EXPLAINER: Elon Musk’s Mars Plan

Humans on Mars by 2022

Scimex, SpaceX

Scimex, SpaceX

Andjela Ergic, ECU Reporter

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As children, many of us dreamed of becoming astronauts and visiting Mars, but those dreams were quickly tarnished when we were told that our generation may never get to see the red planet. However, a new hope has emerged promising to send humans to Mars in five short years.

Elon Musk, entrepreneur, CEO at SpaceX and the master-mind behind the Elon Musk Mars Plan, revealed an updated version of his plan to colonise Mars at The International Astronautical Congress in Adelaide this month.

The updated plan involves building one ginormous reusable spaceship known now as the BFR (Big Fu**ing Rocket), which will be able to refuel mid-flight and send people up to Mars in 2024.

So, what exactly is the Elon Musk Plan?

The Elon Musk plan, put simply, is a plan to colonise Mars. The first devised plan was presented by Elon Musk in 2016 during the International Astronautic Congress, showcasing the “Interplanetary Transport System” rocket (now known as the BFR). The original design was planned to weigh approximately 400 tonnes, and was expected to carry 300 tonnes (272,155 kilograms) worth of space cargo.

As discussed at the IPA congress 2017, the updated design will measure at 48 metres in length and the spaceship is planned to carry about half the cargo of the original design.

The BFR key technology is the automated rendezvous and docking system, which will enable the spacecraft to refuel while in orbit at the push of a button.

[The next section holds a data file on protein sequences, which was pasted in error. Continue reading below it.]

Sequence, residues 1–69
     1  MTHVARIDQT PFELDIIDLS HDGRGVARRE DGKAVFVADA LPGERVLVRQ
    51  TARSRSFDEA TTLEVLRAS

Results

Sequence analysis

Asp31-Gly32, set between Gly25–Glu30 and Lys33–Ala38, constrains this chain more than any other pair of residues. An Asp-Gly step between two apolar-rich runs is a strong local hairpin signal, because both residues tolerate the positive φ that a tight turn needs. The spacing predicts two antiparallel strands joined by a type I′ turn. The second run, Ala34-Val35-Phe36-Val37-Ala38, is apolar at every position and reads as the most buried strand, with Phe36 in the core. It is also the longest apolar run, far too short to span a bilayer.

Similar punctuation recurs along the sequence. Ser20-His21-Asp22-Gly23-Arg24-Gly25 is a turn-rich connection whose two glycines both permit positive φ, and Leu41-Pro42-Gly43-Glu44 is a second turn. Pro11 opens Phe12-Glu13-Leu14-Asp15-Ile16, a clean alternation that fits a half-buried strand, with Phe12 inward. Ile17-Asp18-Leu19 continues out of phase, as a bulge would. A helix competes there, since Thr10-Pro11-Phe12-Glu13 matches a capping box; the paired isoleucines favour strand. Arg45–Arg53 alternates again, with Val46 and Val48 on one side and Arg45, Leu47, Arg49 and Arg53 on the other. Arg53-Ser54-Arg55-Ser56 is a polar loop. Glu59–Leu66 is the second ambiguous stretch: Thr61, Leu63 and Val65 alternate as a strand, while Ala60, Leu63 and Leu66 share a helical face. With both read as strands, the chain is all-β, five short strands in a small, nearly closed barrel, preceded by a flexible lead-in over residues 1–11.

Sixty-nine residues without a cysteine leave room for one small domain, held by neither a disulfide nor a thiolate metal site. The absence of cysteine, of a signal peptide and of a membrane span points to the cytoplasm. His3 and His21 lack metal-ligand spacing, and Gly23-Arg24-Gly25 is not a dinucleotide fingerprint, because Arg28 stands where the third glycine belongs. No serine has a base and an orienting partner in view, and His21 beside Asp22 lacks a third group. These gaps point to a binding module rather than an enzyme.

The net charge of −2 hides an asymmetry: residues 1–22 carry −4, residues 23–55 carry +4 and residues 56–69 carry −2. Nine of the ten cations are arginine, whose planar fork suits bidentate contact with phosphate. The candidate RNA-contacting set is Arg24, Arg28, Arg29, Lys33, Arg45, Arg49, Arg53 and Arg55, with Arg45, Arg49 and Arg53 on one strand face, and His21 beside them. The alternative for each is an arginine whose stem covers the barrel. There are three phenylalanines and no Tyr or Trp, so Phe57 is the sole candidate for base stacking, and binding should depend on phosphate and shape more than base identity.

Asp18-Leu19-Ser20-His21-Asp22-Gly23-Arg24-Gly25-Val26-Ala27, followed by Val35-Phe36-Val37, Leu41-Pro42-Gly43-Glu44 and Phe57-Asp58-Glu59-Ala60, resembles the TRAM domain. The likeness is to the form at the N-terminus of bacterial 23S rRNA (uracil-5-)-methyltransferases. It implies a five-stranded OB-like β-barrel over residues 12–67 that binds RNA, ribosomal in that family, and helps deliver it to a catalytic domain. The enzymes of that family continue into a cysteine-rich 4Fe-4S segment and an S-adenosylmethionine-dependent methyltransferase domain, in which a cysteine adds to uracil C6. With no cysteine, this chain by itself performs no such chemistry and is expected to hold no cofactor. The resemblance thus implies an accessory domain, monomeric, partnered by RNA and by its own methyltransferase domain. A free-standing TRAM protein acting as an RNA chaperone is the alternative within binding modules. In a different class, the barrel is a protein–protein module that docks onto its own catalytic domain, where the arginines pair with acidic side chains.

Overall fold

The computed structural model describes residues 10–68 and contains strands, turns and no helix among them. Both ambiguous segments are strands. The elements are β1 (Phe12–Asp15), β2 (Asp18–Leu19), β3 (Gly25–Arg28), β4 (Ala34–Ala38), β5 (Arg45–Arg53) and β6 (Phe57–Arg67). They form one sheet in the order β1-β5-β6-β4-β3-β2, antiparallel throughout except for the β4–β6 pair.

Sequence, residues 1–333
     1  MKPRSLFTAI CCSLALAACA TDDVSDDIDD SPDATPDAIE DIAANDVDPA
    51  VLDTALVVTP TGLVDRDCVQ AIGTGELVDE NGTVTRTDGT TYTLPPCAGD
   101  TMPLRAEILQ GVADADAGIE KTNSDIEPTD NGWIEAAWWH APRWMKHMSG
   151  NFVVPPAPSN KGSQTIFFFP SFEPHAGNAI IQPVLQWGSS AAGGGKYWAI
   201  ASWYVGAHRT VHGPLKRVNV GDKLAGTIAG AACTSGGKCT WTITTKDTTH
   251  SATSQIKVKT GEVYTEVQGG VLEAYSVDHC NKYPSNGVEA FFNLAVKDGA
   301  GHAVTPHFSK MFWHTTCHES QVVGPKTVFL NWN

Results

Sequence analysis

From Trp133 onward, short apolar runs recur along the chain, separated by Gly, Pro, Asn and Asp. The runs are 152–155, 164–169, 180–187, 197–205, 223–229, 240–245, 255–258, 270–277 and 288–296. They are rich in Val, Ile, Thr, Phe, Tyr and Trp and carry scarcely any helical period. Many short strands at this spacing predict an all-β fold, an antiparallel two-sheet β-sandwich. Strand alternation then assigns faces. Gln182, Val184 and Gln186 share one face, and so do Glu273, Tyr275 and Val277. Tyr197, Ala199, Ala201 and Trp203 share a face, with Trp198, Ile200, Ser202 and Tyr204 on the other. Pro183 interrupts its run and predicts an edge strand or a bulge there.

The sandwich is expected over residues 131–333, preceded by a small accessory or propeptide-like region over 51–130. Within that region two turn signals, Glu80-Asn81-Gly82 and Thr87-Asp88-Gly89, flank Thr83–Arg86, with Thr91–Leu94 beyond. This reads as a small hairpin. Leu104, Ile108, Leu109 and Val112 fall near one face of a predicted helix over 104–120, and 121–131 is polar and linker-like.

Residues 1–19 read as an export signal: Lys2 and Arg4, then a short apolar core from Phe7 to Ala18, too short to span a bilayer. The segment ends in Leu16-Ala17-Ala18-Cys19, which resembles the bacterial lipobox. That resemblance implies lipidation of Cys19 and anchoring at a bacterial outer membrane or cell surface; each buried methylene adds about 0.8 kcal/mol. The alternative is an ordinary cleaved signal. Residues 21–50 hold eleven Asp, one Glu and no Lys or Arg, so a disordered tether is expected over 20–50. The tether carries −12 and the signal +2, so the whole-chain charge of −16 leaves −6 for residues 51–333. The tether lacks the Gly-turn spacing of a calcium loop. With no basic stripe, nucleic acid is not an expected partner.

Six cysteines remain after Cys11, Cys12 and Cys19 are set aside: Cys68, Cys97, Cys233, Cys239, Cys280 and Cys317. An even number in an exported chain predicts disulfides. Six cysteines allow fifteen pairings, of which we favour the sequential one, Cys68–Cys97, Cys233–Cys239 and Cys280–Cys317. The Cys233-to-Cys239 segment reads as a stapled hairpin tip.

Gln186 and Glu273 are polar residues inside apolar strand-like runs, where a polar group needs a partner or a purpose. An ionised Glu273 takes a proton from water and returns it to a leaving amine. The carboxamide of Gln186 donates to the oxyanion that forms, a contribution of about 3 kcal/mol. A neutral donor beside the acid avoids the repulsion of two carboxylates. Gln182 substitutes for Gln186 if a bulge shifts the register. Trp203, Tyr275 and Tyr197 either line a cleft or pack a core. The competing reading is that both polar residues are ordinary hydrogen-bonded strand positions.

The spaceship is designed to carry 100 passengers to Mars at one time. SpaceX has already built and tried parts of the space craft and if all goes to plan it will launch its first mission in 2022. The trip is expected to take 80 days, an improvement on the  six to nine months it takes to reach Mars with the currently available technology.

Musk previously told the IPA Congress in Mexico that the total cost of the project is estimated to be around $300 million annually and that further “huge public-private partnership” funding will be needed. The ticket to Mars on the “Interplanetary Transport System” will cost between $100,000 to $200,000.

At the IPA in Adelaide this month, Musk told the audiences that despite the timeframe appearing ‘aspirational’ he believes that SpaceX will be able to launch the ship in five years time.

Why go to Mars?

You may be wondering why are we so eager to go to Mars? According to the Mars One Foundation, it may be as simple as the ‘realisation of a dream’ or a ‘good old-fashioned curiosity’, but for many it’s the possibility of progression for humanity. Such as: advancing our recycling methods, solar energy, food production and the advancement of medical technology.

For Elon Musk, spending time and money on crafting a spacecraft that is fit to land on Mars is simply the desire to give our current generation that opportunity combined with the prospect of creating a multi-planet species.